Director Billy Wilder adds a new and intriguing twist to the personality of intrepid detective Sherlock Holmes. One thing hasn't changed however: Holmes' crime-solving talents. Holmes and Dr. Watson take on the case of a beautiful woman whose husband has vanished. The investigation proves strange indeed, involving six missing midgets, villainous monks, a Scottish castle, the Loch Ness monster, and covert naval experiments. Can the sleuths make sense of all this and solve the mystery?Written by
Joel Preuninger <Jhpreunin@aol.com>
The subplot in which Sherlock Holmes is approached by a famous ballerina who wishes him to father a child on her is inspired by a real-life incident. George Bernard Shaw was once approached by the notorious dancer Isadora Duncan, who told him that, if they had a child together, it would have "my beauty and your brains"; Shaw rebuffed her quickly, saying, "Ah, yes, dear lady, but what if it has my beauty and your brains instead?" In this movie, Sherlock Holmes uses a rather different method of putting the lady off. See more »
When Holmes, Watson and Gabrielle get off the train at Inverness, the train goes forward to another destination. The railway station at Inverness is a terminus. See more »
Mr. Holmes, what you have seen tonight is last, and positively final performance of Madame Petrova. She is retiring.
What a shame.
She's been dancing since she was three years old, and after all, she is now thirty-eight.
I must say, she doesn't *look* thirty-eight.
That is because she is forty-nine.
See more »
Originally released at 125 minutes; the US laserdisc version adds 12 minutes of unreleased footage, including a sequence known as "The Dreadful Business of the Naked Honeymooners", featuring Jonathan Cecil and Nicole ShelbySee more »
Sherlock Holmes (Robert Stephens) and Dr. Watson (Colin Blakely) get involved in a very weird case involving a mysterious French woman (Geneuieve Page), Sherlock's brother Mycroft (Christopher Lee), midgets, Scotland, the Queen and the Loch Ness Monster! Believe it or not they all come together. I originally saw this on TV back in the late 70s but it was so heavily edited (for instance, the entire first half hour was gone because it dealt with gay characters which was still a taboo on TV back then) that I couldn't follow it and gave up. Now it's back on uncut and I'm glad I'm finally able to see it.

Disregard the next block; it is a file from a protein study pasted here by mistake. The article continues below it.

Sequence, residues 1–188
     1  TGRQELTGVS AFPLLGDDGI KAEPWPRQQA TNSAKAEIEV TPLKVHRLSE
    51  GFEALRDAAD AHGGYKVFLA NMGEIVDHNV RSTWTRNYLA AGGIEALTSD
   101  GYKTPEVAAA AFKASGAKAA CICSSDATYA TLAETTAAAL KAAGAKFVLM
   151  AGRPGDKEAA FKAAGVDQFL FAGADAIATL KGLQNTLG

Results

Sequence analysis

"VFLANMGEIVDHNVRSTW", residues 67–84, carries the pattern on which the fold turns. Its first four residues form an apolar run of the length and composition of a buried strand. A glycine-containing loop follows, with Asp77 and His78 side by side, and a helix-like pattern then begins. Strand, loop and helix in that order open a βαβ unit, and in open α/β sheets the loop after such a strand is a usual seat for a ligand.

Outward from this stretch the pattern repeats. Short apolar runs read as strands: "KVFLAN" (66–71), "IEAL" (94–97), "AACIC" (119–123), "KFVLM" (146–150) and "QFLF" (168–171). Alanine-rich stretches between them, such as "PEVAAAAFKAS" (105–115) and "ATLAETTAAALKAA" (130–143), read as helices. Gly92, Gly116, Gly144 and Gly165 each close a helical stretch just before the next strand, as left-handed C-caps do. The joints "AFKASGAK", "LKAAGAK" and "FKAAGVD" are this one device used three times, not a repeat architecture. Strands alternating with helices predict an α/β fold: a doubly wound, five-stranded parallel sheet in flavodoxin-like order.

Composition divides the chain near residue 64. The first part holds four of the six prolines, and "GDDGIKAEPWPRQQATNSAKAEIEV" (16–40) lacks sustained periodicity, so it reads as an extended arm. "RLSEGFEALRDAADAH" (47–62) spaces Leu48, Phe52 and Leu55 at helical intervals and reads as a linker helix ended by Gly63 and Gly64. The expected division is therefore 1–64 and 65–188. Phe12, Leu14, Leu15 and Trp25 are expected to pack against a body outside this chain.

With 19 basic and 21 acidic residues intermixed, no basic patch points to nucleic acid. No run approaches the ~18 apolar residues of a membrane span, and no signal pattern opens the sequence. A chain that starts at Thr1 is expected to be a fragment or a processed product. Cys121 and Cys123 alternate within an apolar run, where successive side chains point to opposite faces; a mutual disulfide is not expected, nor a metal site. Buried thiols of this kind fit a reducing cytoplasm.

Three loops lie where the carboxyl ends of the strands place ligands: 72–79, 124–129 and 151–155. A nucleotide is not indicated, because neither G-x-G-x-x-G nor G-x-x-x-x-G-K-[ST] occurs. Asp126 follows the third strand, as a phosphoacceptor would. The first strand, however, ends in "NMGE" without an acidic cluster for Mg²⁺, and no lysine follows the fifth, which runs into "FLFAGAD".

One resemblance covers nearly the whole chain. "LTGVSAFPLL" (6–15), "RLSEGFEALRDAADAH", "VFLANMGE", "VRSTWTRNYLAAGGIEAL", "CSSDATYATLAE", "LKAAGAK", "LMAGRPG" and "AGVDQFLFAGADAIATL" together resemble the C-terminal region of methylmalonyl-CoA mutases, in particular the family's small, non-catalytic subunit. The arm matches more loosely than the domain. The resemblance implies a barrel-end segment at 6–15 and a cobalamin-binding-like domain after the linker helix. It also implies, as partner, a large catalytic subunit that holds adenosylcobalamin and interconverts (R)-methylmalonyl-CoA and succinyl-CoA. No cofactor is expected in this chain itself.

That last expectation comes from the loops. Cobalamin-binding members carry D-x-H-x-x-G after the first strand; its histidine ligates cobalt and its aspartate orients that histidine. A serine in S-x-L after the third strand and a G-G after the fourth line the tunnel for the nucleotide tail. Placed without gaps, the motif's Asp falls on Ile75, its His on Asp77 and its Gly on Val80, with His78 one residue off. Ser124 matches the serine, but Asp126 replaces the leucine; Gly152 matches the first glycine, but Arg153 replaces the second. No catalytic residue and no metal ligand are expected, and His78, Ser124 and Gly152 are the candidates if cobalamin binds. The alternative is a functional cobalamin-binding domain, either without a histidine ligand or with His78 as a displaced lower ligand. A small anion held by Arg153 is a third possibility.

A very strange movie but lots of fun. Some people think this is a spoof. It really isn't but there are some very funny moments--my favorite is at the beginning when Holmes blasts Watson for how he writes about his cases--"Watson, I've never said 'elementary my dear Watson' in my life!""Poetic license Holmes". There's also quite a few funny one liners mostly delivered with great relish by Stephens and it does deal with the sexual relations of Holmes and Watson (it was hinted that they were gay lovers). But it does involve a very serious case and the jokes stop towards the end.
Stephens is actually very good as Holmes--he won't make you forget Basil Rathbone but he's not bad. Colin Blakely isn't as big a buffoon as Nigel Bruce was but he tends to overact a little. Page is just terrible as the mystery woman--but then again, English is her second language. Lee, surprisingly, is kind of stiff as Mycroft. He's a very good actor--I'm surprised to see him so bad.
The movie is very lavish (probably because Billy Wilder was involved)...a lot of money and attention was given to sets and costumes, and they actually went on location to shoot the end in Scotland. The cinematography is just beautiful and the movie was never dull. It doesn't always mix the comedy with the drama successfully but it works more often than it misses. As most people know this was HEAVILY edited before it was released and the uncut version doesn't seem to exist anymore. That's too bad but what remains is not bad. Worth catching...a must see for Holmes fans.
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